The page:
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Council asks businesses to employ more people like Adam after moving story on TV

Cheshire East Council is encouraging businesses to open their doors and give jobs to young people with special educational needs and disabilities.


The call, which is supported by schools and colleges, follows ITV Granada Reports’ interest in Adam, who is 22, a hard worker and who loves being busy.


Adam is autistic, non-verbal and has minimal understanding of spoken language. He has worked hard with his job coach to develop his skills and confidence and has overcome many barriers to achieve his potential.


Adam has benefited from a supported internship scheme at Thermmark, in Congleton, since January, where he has secured a permanent 25-hour contract with regular overtime.

Supported internships are funded and delivered by the Cheshire East SEND Partnership, a multi-agency partnership which includes Cheshire East Council, education and health providers, parents and carers. The scheme is for young people with an education health and care plan between the age of 16 and 24. A supported internship helps to bridge the gap from education into paid work by providing additional support for both the young person and the employer.

The supported internship consists of time with an education provider and time in a work placement. Most of the young person’s time is spent with the employer with the support from a job coach.


A supported internship is not work experience – it is about developing ‘real’ skills for a ‘real’ job. The programme helps young people with a disability to become work ready, with support. It is also an opportunity for young people to understand exactly what is expected of them in the workplace and helps them to develop confidence in their own ability.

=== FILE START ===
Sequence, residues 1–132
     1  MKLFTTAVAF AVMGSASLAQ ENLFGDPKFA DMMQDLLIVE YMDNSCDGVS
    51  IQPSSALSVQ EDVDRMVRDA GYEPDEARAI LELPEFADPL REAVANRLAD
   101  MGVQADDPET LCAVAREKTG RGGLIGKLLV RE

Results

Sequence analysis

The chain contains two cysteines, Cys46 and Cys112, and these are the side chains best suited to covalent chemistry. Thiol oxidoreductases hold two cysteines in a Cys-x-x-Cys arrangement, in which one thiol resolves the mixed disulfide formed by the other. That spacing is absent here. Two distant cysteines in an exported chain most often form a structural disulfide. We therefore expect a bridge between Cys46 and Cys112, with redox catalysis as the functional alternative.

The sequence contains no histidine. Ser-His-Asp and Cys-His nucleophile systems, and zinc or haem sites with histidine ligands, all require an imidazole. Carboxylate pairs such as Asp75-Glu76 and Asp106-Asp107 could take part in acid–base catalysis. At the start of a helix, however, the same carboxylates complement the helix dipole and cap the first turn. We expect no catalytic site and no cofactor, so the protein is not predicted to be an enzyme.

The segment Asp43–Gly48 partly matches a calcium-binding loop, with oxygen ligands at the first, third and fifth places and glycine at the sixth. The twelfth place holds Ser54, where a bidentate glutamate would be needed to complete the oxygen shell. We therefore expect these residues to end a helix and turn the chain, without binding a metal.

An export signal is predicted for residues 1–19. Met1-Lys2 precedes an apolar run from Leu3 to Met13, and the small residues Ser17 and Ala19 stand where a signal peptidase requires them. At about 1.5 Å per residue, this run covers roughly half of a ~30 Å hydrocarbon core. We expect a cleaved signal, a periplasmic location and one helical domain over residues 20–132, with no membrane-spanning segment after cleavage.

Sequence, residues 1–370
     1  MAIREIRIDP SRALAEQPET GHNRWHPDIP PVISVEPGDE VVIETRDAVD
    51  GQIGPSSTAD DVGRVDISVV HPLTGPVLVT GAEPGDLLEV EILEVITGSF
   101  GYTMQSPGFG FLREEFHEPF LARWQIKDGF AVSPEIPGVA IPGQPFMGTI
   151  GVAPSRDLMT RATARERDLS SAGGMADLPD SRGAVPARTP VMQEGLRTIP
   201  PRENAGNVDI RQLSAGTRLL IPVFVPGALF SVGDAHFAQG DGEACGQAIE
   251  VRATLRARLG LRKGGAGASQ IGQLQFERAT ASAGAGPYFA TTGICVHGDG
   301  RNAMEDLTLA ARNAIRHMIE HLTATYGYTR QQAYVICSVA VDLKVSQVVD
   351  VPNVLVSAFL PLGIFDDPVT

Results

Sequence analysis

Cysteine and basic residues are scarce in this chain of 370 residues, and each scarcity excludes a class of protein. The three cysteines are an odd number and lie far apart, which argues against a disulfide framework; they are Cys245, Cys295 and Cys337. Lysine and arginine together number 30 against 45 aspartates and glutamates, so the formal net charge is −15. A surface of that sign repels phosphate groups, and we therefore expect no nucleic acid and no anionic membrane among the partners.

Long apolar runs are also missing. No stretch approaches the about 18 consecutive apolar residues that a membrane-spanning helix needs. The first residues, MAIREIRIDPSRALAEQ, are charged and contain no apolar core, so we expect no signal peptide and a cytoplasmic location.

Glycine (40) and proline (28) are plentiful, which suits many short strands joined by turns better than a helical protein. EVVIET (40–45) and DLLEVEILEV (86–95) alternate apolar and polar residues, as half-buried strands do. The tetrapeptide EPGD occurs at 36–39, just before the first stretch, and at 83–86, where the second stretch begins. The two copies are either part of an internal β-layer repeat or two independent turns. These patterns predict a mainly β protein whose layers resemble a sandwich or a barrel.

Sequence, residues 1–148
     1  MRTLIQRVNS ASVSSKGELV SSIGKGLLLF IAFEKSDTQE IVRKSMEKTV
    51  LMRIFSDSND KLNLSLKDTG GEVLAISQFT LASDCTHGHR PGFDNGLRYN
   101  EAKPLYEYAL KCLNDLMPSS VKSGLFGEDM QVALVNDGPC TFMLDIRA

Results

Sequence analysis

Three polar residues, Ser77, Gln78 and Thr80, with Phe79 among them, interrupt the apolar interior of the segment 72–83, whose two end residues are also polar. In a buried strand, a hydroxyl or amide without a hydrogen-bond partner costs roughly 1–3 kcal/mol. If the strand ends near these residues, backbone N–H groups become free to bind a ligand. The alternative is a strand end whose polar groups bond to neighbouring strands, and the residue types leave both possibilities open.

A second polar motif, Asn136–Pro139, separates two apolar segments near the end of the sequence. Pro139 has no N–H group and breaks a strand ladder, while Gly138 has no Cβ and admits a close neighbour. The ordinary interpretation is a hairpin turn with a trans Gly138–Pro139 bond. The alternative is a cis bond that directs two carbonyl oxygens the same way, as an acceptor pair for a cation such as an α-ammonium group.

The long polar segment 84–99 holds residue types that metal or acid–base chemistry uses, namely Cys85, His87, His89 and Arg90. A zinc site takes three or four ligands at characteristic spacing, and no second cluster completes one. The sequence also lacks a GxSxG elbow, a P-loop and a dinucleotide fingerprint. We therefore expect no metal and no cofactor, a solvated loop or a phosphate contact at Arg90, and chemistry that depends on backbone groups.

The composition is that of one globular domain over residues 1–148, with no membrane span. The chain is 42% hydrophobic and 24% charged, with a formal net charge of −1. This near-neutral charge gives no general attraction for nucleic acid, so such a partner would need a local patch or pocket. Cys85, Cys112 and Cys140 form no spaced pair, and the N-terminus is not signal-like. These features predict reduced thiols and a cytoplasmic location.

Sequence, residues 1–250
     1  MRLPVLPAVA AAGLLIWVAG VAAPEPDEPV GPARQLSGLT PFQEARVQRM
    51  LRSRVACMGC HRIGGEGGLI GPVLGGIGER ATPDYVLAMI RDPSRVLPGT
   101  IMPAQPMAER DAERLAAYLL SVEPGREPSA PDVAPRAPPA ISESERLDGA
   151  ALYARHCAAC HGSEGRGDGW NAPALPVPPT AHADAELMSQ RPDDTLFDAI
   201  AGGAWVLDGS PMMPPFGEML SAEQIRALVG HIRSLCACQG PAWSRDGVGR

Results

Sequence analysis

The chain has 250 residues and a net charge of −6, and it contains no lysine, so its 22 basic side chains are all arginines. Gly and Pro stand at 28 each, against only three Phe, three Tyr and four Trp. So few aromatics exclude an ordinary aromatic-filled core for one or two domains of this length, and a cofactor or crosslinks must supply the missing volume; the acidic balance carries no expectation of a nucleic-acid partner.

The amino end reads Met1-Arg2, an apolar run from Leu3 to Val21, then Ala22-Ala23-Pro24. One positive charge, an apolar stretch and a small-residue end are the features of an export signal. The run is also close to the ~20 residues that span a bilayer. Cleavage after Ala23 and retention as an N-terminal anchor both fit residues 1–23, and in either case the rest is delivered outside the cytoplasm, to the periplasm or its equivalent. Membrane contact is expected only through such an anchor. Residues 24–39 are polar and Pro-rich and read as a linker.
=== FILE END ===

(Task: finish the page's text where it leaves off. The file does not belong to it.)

Kathryn Flavell, Cheshire East Council’s lead member for children and families, said: “Our drive in Cheshire East is for the best outcomes for children and young people with additional needs.


“Young people have told us on many occasions during sessions planning for their preparation for adulthood, that their aspiration is for paid employment.


“This is why we have put every effort and resource into fulfilling the lifetime ambitions of our young people, by developing an excellent supported internship programme.

“Adam’s story is so heart-warming to hear and I’d encourage all employers to consider offering a supported internship, giving someone with additional needs the same life chances as every other young person.”


Any businesses that are interested in helping a young person with disabilities into employment can email the council or call 01260 375468




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